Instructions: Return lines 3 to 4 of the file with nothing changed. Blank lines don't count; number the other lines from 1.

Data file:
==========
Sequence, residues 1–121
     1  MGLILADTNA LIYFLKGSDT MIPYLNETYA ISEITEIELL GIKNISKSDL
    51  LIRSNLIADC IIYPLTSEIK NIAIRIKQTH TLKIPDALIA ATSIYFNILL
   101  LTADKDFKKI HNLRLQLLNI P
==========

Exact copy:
    51  LIRSNLIADC IIYPLTSEIK NIAIRIKQTH TLKIPDALIA ATSIYFNILL
   101  LTADKDFKKI HNLRLQLLNI P